The crime of conspiracy is charged regularly in state and federal courts throughout the United States. This crime consists in an agreement by two or more individuals to commit an additional crime. The conspiracy charge is widely used in a number of different areas, particularly with respect to white-collar crimes and narcotics offenses. The prosecution views the crime of conspiracy as advantageous because it allows, in a single trial, for the prosecution of all conspirators wherever they are located, and it allows the government to prosecute the case in any city in which any act in furtherance of the agreement took place. In addition, statements made by any conspirator are allowed to be used against all other conspirators, and each conspirator can be found criminally responsible for other conspirators' crimes found to be in furtherance of the agreement.
Three major constitutional questions have arisen in conspiracy trials in the United States. The first deals with the double jeopardy clause of the Fifth Amendment, which provides in part, "nor shall any person be subject for the same offense to be twice put in jeopardy of life or limb." Most judges have concluded that the purpose of the double jeopardy clause was to ensure that a person could not be charged more than once for the same offense in the same jurisdiction. Individuals who are prosecuted for the conspiracy offense contend that if they are also charged with the crime that was the subject of the agreement (for example, bank robbery), their double jeopardy rights have been violated. The courts have consistently rejected this claim, however, holding that conspiracy (the agreement to commit bank robbery) and the crime (the actual bank robbery) are separate offenses. Hence, the defendant can receive separate punishment for each without the double jeopardy clause being violated.
Defendants also contend that being charged with conspiracies in two different courts violates their double jeopardy rights. For instance, conspiracy to rob a bank may be a violation of both state and federal law. It is a violation of state law because robbing any institution within the state is a crime. It is a violation of federal law because the bank may be a federally insured institution. Under the principle of "dual sovereignties" the Supreme Court has concluded that separate prosecutions and separate penalties for a federal conspiracy and a state conspiracy do not violate the double jeopardy clause, because such prosecutions are not multiple trials for the same offense by the same jurisdiction.
An additional constitutional issue is raised when defendants are charged with conspiring not to commit a crime but to commit acts that are "injurious to the public health or morals." These cases usually involve situations in which a particular form of behavior, such as charging usurious interest rates, is not itself criminal, but the defendant is charged with conspiring to commit that act. The Supreme Court in Musser v. Utah (1948) cast considerable doubt on the constitutionality of these prosecutions. The chief argument here is that such conspiracy prosecutions violate the due process clause of both the Fifth Amendment and fourteenth amendment because the phrase "acts injurious to the public health or morals" is so vague as to give insufficient guidance to citizens. As a consequence of the Musser decision, few prosecutions have been based upon this rather open-ended charge; instead, the government typically contends that the defendants have conspired to commit a particular crime and that crime is then set forth in some detail.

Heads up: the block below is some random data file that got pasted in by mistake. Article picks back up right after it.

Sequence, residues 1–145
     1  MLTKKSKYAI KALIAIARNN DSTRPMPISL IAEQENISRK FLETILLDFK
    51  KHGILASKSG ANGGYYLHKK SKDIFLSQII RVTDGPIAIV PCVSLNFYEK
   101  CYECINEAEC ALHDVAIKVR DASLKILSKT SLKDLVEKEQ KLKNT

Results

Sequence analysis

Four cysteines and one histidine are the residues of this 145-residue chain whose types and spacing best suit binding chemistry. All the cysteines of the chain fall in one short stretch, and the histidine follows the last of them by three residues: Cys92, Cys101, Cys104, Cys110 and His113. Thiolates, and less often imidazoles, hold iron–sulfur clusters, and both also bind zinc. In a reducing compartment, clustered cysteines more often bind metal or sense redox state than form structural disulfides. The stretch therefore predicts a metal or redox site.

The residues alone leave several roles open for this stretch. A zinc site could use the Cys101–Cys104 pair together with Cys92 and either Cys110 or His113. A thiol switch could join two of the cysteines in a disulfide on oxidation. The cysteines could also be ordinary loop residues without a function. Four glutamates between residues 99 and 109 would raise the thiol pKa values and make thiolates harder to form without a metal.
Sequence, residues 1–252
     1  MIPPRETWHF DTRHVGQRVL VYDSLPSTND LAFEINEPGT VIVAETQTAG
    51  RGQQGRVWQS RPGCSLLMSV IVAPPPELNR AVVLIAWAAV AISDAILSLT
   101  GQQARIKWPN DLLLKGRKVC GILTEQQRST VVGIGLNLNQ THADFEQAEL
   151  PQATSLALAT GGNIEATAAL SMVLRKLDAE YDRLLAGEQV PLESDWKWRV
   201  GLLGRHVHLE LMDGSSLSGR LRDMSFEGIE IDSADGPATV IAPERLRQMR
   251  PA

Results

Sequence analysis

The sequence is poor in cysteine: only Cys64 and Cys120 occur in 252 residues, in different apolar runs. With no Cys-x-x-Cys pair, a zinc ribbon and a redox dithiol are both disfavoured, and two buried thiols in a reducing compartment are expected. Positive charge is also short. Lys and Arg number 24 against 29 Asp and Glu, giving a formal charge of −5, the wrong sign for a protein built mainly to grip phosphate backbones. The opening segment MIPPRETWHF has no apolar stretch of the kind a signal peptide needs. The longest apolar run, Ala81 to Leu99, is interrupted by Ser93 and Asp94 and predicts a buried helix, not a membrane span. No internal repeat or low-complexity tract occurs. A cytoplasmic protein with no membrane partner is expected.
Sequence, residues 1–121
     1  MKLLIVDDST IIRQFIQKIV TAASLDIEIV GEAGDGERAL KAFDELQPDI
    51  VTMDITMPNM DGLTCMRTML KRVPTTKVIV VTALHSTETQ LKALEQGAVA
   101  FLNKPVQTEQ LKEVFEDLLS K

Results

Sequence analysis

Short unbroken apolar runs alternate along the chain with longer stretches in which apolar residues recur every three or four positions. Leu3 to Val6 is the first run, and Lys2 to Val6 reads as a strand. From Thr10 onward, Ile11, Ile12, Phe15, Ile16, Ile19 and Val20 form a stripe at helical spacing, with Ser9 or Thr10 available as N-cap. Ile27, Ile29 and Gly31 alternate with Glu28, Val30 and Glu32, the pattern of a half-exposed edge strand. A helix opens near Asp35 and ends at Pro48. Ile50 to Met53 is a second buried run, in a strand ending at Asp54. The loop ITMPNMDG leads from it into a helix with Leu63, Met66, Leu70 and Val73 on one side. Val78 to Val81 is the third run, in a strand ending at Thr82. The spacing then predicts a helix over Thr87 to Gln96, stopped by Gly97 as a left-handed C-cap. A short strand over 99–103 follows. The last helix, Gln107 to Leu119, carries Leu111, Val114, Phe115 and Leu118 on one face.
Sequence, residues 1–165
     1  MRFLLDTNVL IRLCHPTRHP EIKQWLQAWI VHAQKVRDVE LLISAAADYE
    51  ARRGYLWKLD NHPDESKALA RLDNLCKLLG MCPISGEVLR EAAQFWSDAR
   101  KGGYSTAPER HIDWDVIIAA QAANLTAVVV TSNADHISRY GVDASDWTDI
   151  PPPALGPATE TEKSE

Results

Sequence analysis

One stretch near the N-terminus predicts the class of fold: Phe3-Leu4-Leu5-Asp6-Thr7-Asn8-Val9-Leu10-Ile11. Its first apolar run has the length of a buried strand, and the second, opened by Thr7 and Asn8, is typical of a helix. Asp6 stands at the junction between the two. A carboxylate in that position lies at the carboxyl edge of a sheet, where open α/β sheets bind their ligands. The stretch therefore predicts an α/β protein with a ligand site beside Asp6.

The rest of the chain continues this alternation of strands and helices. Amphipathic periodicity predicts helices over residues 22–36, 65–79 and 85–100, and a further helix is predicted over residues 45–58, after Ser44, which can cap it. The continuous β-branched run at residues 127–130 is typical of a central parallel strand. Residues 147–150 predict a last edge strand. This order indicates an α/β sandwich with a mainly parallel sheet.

The third constitutional issue is perhaps the most famous and controversial, involving free speech implications under the first amendment. The problem surfaces when the defendants are charged with agreeing to advocate activities challenging the government. In such situations, the question is whether the agreement can be viewed as purely criminal behavior or whether, under the First Amendment, the behavior is protected speech. The most important Supreme Court case in the area is yates v. united states (1956). There the defendants were mid-level officials of the Communist party charged with conspiring to advocate the overthrow of the government of the United States by force and violence. In construing the Smith Act, the Court concluded that the prosecution, to succeed, must show an agreement to engage in unlawful action and a specific intent by each conspirator to engage in that action. If, however, the charge against the defendants were based upon their agreement to advocate the abstract principle of forcible overthrow of the government, that agreement would not violate the statute, even if such advocacy promoted violent activity.
Marcus, Paul 1991 The Prosecution and Defense of Criminal Conspiracy Cases. New York: Matthew Bender.